A fine looking beast

00 Scott measuring up bracket

Scott has a first stab at the road electrics bracket, using cardboard…

05 bracket populated

…and eventually produces this.¬†I¬†love the ignition switch arrangement. A second bracket holds the brass oil pressure switch

02 horn

Scott’s custom horn bracket. Harder to make than you’d think

Brian’s Rickman Triumph T120

Brian was lucky enough to acquire one of the last Rickman Metisse frames built by Pat French. Designed for road racing,¬†these frames combined top quality welding and materials with excellent design. Brian¬†used¬†his to build up a true English cafe racer, with a Triumph T120 engine. He had a go at the electrics but wasn’t happy with the result, so¬†booked the bike in¬†for a new loom.

Being built to race, the frame only had a bracket for the ignition coil ‚Äď nothing for the road¬†electrics that Brian needed. So the first job was to mount these items securely. Fabricator Scott made an elegant pair of brackets which screwed to the coil mounts to carry the ignition switch, flasher unit, oil pressure switch and fuses.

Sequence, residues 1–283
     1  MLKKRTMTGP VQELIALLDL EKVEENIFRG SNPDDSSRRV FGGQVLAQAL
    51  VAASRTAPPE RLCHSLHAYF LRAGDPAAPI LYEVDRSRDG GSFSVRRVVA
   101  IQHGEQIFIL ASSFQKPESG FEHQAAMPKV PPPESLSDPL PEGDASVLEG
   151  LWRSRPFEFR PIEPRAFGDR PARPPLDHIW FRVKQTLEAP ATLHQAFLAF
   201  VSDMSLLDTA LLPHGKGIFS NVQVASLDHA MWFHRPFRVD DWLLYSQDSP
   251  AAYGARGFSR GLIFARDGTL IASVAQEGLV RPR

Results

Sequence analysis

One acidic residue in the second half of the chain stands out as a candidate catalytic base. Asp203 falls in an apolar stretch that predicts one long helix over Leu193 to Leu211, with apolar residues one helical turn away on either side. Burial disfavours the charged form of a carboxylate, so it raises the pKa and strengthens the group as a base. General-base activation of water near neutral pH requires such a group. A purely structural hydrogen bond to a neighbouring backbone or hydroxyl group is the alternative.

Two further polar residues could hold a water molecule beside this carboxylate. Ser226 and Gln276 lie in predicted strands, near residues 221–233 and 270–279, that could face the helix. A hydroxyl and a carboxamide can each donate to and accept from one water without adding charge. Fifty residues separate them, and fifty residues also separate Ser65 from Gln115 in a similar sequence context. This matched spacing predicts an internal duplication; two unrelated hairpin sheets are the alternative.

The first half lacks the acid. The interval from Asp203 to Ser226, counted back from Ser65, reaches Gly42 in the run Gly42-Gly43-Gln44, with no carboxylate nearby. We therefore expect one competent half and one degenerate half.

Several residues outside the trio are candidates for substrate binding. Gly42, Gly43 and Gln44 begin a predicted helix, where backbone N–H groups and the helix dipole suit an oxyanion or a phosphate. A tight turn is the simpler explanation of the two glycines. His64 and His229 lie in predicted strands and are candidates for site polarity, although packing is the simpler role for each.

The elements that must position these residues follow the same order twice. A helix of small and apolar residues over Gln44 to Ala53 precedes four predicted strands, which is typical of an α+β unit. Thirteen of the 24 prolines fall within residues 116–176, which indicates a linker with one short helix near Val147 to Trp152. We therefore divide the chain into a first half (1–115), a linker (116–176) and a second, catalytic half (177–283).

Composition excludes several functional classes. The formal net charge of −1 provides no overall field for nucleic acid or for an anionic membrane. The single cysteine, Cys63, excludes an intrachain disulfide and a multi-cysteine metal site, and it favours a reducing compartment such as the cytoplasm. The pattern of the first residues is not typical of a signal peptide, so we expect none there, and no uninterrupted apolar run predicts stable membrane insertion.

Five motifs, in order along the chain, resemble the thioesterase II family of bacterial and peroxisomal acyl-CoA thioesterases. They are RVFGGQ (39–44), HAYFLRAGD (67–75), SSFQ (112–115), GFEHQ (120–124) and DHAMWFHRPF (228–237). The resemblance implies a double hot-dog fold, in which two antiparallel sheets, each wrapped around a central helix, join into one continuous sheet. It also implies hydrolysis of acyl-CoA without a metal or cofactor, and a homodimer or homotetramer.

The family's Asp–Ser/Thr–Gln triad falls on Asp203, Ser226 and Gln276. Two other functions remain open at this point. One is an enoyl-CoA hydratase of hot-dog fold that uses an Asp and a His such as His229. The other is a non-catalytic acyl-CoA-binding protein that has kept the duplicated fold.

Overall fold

The only place we could find for the horn was between the downtubes, so that needed a third bracket and 1.6mm machining off each engine spacer to suit. Brian had already incorporated a battery box into the oil tank, and that created an obvious home for the regulator rectifier.

These sound like boring details, but on a vibrating British twin they’re the difference between a bike that will keep going and one that breaks down. Getting it all neat and functional takes a long time.

The headlight is another critical point on old Brit machinery, especially (as here) when it has an ammeter, a light switch and a couple of warning lights poking into the headlamp shell. People often leave the ammeter terminals bare, then force the headlight in and wonder why the fuse keeps blowing. (If they’ve fitted a fuse!) I secured the shell components with glue, insulated everything properly, and made sure¬†the headlight plug didn’t foul anything else in there.

The loom itself was fairly straightforward but Brian has a top half fairing for the bike and wants to¬†try it with and without wind protection. So we needed a ‘plug in’ extension on the headlight harness, and very long indicator cables which looped neatly out of the way for the naked version, or extended for the faired one.

It fired up, but didn’t run too happily: the carbs needed a clean. Modern fuel blocks Amal pilot jets amazingly quickly if the bike sits for a bit. Brian is seeing to that and a couple of other details, just in time for a fun summer on a unique machine.

03 dipswitch

Old-school switchgear comes with little screws but soldering the cables is a better solution

06 headlight innards

Ammeter, two warning lights and a three-position light switch. They all need to clear the headlight plug and reflector